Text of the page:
When your audience has arrived at your website or blog post, you would hope that they have found what they’re looking for.
Thankfully, search engines are making it easier for users to find what they’re looking for when searching.
It’s not perfect, but it’s better than it was during the late 90s and early 2000.
Even though search engines are getting smarter, you still have your own responsibilities when creating content.
Make sure that they understand what your website is about.
Make it easier for them to understand your content.
Ensure that anyone who arrives on your website will be happy with what they see.
There are a number of factors which can help with that.
But to keep things simple, we will focus on your content and how to make sure that it matches your audience’s search intent.
Meaning, how to make sure that your content is exactly what your audience is looking for and keep them happy.
And it’s really not that hard.
What Is Audience Intent?
When you run a business, website, blog or anything that has a core audience, more often than not, they tend to need something.
And it could be anything.
Maybe they are looking advice about going on a skiing holiday in France.
Or information about how to build your own bookcase from scratch.
Or just understand why the sky is blue.
Whatever it is, your audience has a specific intention when they search online and it is up to you to meet that with your content.
When you are coming up with a content idea, put yourself in the mind of your audience and think about what they really want to see on your site.
But here are a few ways to make sure that your content and your audience’s search behaviour matches.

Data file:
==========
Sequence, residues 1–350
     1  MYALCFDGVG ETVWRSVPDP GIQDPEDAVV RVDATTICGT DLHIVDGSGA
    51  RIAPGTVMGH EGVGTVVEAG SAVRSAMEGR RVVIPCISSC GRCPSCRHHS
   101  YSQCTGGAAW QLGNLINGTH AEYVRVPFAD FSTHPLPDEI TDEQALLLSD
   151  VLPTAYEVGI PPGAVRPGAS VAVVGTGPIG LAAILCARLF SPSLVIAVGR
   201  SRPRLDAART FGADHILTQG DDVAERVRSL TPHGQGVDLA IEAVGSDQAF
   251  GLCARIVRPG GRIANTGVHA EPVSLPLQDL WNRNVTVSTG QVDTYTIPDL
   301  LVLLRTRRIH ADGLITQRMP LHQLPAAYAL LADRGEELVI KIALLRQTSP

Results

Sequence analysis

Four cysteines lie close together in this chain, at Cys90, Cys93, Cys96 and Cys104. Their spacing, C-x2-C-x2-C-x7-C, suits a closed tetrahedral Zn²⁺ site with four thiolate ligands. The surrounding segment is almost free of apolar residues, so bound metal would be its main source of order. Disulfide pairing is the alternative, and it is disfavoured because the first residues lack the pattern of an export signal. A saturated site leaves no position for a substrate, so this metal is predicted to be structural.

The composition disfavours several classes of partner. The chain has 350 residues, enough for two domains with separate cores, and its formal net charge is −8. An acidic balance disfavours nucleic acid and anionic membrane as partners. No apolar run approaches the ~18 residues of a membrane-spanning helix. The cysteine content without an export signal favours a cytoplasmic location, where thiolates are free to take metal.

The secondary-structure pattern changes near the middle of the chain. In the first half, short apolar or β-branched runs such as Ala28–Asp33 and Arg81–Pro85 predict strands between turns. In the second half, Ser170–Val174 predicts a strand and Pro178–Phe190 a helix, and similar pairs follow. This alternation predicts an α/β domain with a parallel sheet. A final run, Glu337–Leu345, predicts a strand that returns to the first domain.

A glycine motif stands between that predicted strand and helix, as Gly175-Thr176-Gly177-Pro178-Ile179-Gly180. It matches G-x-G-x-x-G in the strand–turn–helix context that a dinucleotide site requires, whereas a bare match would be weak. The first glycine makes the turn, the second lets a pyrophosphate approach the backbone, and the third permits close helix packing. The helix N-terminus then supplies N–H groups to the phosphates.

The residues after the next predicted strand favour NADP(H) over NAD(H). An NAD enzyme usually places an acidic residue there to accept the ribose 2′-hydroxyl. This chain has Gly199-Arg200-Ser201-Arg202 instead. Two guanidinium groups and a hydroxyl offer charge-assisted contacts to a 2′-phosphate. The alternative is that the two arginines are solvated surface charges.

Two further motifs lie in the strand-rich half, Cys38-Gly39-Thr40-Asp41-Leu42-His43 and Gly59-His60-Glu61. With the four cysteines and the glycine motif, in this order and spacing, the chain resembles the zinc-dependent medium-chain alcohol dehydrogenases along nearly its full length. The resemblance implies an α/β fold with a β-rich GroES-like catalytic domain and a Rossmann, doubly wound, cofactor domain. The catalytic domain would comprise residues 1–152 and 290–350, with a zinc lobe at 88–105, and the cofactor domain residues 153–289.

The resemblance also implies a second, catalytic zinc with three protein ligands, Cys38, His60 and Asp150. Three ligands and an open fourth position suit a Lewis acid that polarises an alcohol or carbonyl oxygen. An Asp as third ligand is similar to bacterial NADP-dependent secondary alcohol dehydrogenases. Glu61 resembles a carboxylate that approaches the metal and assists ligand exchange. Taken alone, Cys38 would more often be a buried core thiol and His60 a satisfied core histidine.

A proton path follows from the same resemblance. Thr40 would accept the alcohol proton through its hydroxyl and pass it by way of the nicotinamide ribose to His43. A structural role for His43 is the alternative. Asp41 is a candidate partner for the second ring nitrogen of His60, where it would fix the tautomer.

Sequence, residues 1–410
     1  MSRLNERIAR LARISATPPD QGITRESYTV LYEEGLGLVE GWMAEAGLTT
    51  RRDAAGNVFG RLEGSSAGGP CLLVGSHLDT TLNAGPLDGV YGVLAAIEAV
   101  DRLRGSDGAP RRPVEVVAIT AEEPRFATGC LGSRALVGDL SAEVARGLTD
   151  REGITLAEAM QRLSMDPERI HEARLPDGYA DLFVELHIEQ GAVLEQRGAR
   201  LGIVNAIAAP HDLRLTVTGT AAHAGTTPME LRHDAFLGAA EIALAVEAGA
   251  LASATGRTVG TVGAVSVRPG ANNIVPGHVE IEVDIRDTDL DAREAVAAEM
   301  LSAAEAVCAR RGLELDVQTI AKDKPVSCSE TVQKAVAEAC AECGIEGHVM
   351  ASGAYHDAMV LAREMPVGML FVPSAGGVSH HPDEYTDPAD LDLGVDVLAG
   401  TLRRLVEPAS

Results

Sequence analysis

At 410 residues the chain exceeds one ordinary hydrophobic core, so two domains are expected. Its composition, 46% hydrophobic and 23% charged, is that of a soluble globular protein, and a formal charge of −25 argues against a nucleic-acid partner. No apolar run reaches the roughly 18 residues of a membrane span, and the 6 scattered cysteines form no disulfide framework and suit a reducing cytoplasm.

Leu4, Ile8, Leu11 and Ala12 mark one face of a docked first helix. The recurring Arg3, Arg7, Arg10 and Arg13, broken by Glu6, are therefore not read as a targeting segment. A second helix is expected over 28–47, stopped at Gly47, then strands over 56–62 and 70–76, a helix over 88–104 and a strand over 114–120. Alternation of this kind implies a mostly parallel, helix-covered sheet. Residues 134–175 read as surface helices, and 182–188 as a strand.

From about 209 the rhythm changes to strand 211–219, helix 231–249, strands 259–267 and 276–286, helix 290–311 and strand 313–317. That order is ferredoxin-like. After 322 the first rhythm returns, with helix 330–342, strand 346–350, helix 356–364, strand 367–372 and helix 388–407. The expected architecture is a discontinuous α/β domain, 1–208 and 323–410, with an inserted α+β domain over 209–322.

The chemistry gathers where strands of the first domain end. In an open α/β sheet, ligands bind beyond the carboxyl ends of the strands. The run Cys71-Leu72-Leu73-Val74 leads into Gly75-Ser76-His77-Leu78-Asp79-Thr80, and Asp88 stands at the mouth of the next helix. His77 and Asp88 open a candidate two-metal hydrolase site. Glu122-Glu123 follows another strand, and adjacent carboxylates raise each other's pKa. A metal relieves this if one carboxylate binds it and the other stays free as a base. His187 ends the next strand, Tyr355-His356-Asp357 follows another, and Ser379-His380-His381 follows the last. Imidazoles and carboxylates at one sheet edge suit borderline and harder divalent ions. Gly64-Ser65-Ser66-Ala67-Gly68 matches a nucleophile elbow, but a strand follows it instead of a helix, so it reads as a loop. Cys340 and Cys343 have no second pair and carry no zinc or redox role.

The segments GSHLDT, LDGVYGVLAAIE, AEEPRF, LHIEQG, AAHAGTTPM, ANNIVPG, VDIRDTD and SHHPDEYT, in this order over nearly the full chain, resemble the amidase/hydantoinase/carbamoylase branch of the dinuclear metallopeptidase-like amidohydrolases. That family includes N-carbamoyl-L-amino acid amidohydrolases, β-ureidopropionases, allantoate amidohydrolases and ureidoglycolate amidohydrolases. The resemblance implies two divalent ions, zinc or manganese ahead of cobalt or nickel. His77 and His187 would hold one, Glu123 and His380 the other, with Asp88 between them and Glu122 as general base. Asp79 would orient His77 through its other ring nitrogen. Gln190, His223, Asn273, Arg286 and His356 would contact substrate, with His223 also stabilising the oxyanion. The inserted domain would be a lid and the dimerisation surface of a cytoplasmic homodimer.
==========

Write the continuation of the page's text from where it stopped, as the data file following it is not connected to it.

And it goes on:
1. Don’t Fool Your Visitors When They Arrive
People are getting smarter online, and you will lose if you try to fool them.
If your headline is about the best ways to travel with children by car, give a list of options on how your readers can do that.
If instead, you write content about something completely irrelevant, like car mechanics, then you’re kidding yourself and kidding your audience.
But it’s not just about being specific – be really specific.
For example, if you are writing a blog post specifically about chocolate cake recipes, don’t write a huge deal about vanilla cake, banana cake and other non-chocolate flavoured cakes.
Sure you can mention them. Maybe you want to say which you prefer and why.
Or create a “cake-off” on why chocolate cake is better than other flavours.
But the point is, don’t make a huge deal about those other flavours if your primary intent is to write about chocolate cakes.
And speaking of cakes, you probably don’t even talk about cupcakes either.
Focus on cakes. That’s why your visitors have arrived on that page, because they want to read about that specific topic.
So don’t fool your visitors. They will end up leaving your site because you tricked them.
And then you will look like a fool.
2. Don’t Be Vague About Your Topic
If you want to write about a specific topic, you want to come across as being an expert.
But one of the best ways to do that is to be detailed and thorough about that topic to help back up your expertise.
Just to clarify, it’s not about writing a 3,000 blog post or an hour-long video (it can reduce any risk of vagueness but not necessarily guarantee it).